How to aggregate multiple events coming from different logs with slight different timestamp, when the only field is timestamp to combine those?


I have this situation:
"How to aggregate multiple events coming from different logs with slight different timestamp, when the only common field could be the timesamp?

I need to combine all data points into one data set so i can use them in my ML jobs as features.

I know there is a plugin aggregate but the situation is

  1. I am not sure if timestamp can be used as the task_id
  2. There can be a difference of milli seconds between the time stamp for the events from different logs that we want to aggregate?

Is there some other solution for this?

Do i need to use my own service to aggregate events and then push back to elastic?


Not sure if you're using the word "aggregate" (which can have specific meaning with respect to elasticsearch aggregations) or if you really mean something more like "collate" or "bring together"?

If it is the latter, then I suppose that you realize that ingesting events/documents into Elasticsearch causes them to be in an index. There can be many different indices within your instance of Elasticsearch and they can be arbitrarily named.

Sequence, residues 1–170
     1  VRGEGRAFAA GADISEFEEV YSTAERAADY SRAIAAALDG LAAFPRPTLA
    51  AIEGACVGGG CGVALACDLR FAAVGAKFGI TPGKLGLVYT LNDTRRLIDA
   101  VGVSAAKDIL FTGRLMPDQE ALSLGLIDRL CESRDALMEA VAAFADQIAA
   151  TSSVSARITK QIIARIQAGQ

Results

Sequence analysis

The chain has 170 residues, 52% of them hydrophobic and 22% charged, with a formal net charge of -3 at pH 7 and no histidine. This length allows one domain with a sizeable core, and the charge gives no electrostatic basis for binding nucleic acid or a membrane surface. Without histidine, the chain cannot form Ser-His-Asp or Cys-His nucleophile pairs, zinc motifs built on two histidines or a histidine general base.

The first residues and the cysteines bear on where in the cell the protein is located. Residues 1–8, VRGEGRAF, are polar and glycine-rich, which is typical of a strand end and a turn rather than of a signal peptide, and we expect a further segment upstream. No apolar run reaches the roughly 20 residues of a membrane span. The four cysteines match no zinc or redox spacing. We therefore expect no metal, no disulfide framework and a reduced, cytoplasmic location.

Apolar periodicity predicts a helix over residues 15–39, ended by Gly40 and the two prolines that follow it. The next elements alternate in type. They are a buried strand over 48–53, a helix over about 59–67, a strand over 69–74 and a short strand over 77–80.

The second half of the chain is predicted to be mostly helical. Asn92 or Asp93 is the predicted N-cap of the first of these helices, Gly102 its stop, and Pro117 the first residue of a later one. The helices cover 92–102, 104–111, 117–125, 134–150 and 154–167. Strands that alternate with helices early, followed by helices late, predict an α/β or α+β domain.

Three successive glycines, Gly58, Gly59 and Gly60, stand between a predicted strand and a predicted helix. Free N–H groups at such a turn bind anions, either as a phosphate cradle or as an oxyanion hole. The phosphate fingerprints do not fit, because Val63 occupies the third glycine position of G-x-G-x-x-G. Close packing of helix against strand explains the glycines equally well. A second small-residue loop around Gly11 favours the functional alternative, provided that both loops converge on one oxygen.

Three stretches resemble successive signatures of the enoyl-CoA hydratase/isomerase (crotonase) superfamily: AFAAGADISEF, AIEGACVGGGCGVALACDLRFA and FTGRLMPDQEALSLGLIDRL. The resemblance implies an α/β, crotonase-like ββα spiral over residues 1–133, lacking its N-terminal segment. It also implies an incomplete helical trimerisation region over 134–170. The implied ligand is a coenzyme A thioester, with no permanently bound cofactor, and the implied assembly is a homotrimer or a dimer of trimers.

However, if you have events/logs/documents coming from different sources, you can put them into indices with similar names (i.e. logs-syslog and logs-nginx or whatever). If you wanted to "collate" these different events with a single query, you can address the indices with a wildcard (i.e. logs-* ) and define a Kibana index pattern to also view the multiple indices as one in the Kibana UI.

An ML job can also leverage defined Kibana index patterns to match multiple distinct indices.

Thanks @richcollier for responding. I agree aggregation can have different meanings at different places. I meant 'combine' events into one event.

Let me elaborate more what i want and why i want that then may be it would be easier to find a best solution.

I am new to ML jobs, I've created Single metric jobs and also have explored Multi-metric ML jobs a little bit. I know we can add influencers to the Multi-Metric jobs.

Now i need to create a real scenario job. Where there can be multiple detectors and multiple influencers.

We have microservices, all logs and metric beat data is coming from them into 1 Kibana index.

I have extracted fields of interest

This is an outlier detection ML job.

So we are getting data points from different sources. And data fields are specific to a specific source but they may have an impact on each other.

Following is a sample data set, all the fields are available in one index but some documents would have some of the data fields and others would have some others.